Chinese islamic martial arts have a very important place in China, although are rarely talked about. Although western media likes to portray Chinese martial arts as Buddhist warrior monks of Taoist masters with long beards, in fact in China many of the greatest masters of martial arts have been the Hui people, or Chinese Muslims. Descendants of Persian and Arab traders who intermarried with Chinese, the Hui people are a large minority which can be found in all parts of China, but are most concentrated in the central plains and north-west regions.
Throughout Chinese history, the Hui people have been famous generals and many emperors had regiments exclusively of Hui soldiers to suppress uprisings. There are numerous styles of kung fu associated with the Hui people, such as Baji Quan (八极拳), Pigua Zhang (劈挂掌), Liuhe Men (六合门), Huihui Shiba Zhou (回回十八肘 – Hui people’s 18 elbows) and the popular kicking style of Tan Tui (潭腿) which few people realise is in fact based on the Arabic alphabet, however there are three major styles known as Jiao Men Quan (教门拳), which means “Protecting the Faith Styles”, which are Cha Quan (查拳), Xinyi Liuhe Quan (心意六合拳) and Qi Shi Quan (七式拳).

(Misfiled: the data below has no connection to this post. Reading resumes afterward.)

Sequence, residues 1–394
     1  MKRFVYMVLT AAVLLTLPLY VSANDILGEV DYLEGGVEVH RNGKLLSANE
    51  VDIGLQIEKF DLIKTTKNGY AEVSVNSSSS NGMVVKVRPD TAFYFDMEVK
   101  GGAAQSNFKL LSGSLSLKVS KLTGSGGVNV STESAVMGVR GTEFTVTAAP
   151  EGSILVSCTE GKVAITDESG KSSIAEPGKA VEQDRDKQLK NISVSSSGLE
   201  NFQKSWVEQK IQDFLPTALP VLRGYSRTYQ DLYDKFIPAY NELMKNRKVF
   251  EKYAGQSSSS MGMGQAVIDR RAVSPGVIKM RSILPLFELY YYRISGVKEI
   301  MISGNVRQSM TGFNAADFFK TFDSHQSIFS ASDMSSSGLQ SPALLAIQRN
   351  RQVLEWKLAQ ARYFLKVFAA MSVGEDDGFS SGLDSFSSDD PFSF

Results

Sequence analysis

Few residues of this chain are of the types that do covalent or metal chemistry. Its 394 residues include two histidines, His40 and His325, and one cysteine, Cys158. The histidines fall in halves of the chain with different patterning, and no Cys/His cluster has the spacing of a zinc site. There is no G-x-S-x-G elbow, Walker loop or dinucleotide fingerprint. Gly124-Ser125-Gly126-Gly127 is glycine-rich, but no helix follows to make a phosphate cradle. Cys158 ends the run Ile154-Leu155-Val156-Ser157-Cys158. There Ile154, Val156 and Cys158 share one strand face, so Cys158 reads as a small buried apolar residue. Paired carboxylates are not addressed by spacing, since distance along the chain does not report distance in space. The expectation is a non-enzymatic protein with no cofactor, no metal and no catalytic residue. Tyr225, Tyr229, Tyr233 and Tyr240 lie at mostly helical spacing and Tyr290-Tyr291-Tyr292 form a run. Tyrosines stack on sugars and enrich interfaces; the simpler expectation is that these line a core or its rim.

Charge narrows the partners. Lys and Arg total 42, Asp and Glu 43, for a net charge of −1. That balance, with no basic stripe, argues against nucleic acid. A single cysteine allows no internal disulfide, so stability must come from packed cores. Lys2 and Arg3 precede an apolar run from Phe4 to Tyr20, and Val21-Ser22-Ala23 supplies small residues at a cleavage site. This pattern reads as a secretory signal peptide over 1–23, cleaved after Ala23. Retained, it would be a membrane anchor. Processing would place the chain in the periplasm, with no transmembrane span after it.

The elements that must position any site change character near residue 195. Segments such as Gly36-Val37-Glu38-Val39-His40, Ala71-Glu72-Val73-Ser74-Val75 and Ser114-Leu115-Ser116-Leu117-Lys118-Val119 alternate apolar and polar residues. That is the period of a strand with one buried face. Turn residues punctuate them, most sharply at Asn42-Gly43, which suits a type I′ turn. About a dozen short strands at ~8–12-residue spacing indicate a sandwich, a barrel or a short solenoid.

Today, in China Muslim practitioners are known for their fighting ability, and their styles are often regarded as more combat oriented than other styles which focus more on forms. However it’s worth noting that Muslim teachers are somewhat more conservative and closed than other teachers, and it is often quite difficult to really enter their circles.